Perhaps one of the first things you learned in kindergarten was that you had five senses: sight, taste, smell, hearing, and touch. But the actual number is probably way more than that, maybe in the 30s. And there’s a whole lot we don’t know about the senses that we do have.
There was a time not so long ago when, for fun, or just for something to do, millions of Americans would tune in to watch non-actors eat worms for cash. It felt good, watching strangers wreck their intestines. Things might not have been going your way, but at least you weren’t competitively chewing cockroaches on…
Coffee seems to be the most overstudied beverage; seemingly every day we’re bombarded with another study about it causing or curing cancer. But surprisingly, there are plenty of scientists who don’t really understand its many effects. In fact, it may even be changing the way we taste all the other things we eat in a…
Most foodies warn against storing tomatoes in the fridge, saying it saps them of their flavor. New research confirms this culinary opinion, revealing the way cold temperatures prevent critical flavor-enhancing genes from doing their job.
There’s a new form of chocolate out there that wants to replace candy as we know it. The reason it’s not going to is the same reason all substitute foods keep failing to deliver on their promises: Accurately replicating food is almost impossible.
Winemaking is always an exercise in uncertainty. You don’t really know just what the wine will taste like until the very end of the process, which is sometimes decades long. A new technique, however, could help predict what wine will taste like before it’s even made.
Scientists assumed there is just a single type of taste receptor on the tongue responsible for our perception of sweetness. Now researchers from Monell Chemical Senses Center have found that those cells also contain gut enzymes, which contribute to sweet tastes. They describe their findings in a new paper published…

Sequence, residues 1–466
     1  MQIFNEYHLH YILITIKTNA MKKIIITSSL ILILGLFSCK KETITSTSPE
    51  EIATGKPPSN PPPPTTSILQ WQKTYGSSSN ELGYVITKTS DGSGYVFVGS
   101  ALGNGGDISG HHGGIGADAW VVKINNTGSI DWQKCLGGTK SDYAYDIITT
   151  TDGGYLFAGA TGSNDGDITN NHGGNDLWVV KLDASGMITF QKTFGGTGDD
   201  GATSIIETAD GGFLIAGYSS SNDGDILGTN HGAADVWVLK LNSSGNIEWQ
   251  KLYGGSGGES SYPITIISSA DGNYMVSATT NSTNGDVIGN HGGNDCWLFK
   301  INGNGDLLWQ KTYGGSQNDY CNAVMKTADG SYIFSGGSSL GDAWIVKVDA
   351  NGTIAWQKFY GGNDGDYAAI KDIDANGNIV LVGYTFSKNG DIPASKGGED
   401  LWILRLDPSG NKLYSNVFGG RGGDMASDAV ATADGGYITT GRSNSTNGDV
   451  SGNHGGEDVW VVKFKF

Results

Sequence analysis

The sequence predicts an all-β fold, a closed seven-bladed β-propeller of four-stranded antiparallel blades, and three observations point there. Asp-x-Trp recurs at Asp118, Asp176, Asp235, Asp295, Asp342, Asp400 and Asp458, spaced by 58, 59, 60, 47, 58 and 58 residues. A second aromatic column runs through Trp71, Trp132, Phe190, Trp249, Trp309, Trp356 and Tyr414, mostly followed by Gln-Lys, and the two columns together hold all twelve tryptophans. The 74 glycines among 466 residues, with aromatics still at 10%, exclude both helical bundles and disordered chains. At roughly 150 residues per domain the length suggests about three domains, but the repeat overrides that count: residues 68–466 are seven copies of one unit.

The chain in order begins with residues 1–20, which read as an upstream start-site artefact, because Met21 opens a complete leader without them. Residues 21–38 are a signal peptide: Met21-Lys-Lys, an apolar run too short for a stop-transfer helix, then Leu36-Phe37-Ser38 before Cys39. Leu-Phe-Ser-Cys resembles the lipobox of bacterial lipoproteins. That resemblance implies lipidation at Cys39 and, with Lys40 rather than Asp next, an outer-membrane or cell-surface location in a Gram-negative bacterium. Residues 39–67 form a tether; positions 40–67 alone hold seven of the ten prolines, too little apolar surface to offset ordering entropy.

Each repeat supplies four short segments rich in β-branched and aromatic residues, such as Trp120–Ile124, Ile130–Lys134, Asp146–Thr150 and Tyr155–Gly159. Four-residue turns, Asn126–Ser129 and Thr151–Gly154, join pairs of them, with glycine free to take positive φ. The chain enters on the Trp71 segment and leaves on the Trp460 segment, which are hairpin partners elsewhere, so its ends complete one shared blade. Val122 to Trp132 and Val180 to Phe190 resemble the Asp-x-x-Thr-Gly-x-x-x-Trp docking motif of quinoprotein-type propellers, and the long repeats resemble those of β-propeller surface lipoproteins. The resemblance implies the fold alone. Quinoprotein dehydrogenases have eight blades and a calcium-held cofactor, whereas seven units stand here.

Recently, it seems like food dye is making a comeback in a big way, and not just one dye—all of them. Rainbow colored bagels, grilled cheeses, pizzas, and even lattes have circulated the internet as the latest food trend. Is it just harmless novelty, or is there more to these culinary monstrosities?
Is that friend who always very politely turns down your offers for cream or sugar very possibly hiding a dark secret, as haters around the internet have been insisting recently? No, probably not—but here’s why some people are saying taking your coffee black means you’re more likely to be a psychopath.
Taste receptors don’t only exist in your mouth. You can find them all over your body, including your stomach, your lungs, and your colon. Why? It turns out the taste receptors are much more versatile tools than we suppose.
There are five acknowledged tastes: sweet, sour, bitter, salty, and (slightly more controversially) umami. For awhile now, researchers have suggested the existence of a sixth taste: fat. Now, a new study has researchers saying they may have finally isolated it—and they’ve given it a name: oleogustus.
Everybody has seen the tongue map – that little diagram of the tongue with different sections neatly cordoned off for different taste receptors. Sweet in the front, salty and sour on the sides and bitter at the back.
I’m writing this seated on a plane heading to San Francisco. We’ve been in the air for under an hour, and the drink cart is just starting to make its way down the aisle. As the cart rolls nearer I’m forced to decide what drink I’ll be having. Since the cups are miniscule, and the liquid is largely displaced by ice…
If your morning brew tastes more bitter than usual, you may want to consider changing the color of your mug instead of adding more sugar.
Orange juice is many things: A fine source of Vitamin C, easy to get ahold of, and a pretty decent accompaniment to most items in the pantheon of great breakfast foods. What it is not at all, however, is a good thing to drink right after brushing your teeth.
Wine tasting notes are famous for their verbal flourishes—for example, "kirsch, dried beef and baker's chocolate,"—but the liquid is ultimately just a collection of molecules, some sour, some bitter, some dry. And we're getting better at quantifying taste. A newly developed artificial tongue uses the very proteins…
Cat owners may claim that their pets love ice cream and doughnuts, but it's the fat they enjoy. The taste receptor for sweet is encoded in two genes. In cats, a chance mutation appears to have broken one of these genes. That's why tigers, lions, and your kitty will never have a sweet tooth.
If you've ever had a dog that was a particularly finicky eater or marveled at just how appetizing they seem to find those endless bowls of kibble, you've probably wondered: Just how sensitive is a dog's sense of taste?
Tangents is an occasional collection of short, lightly annotated mentions of sound-related activities.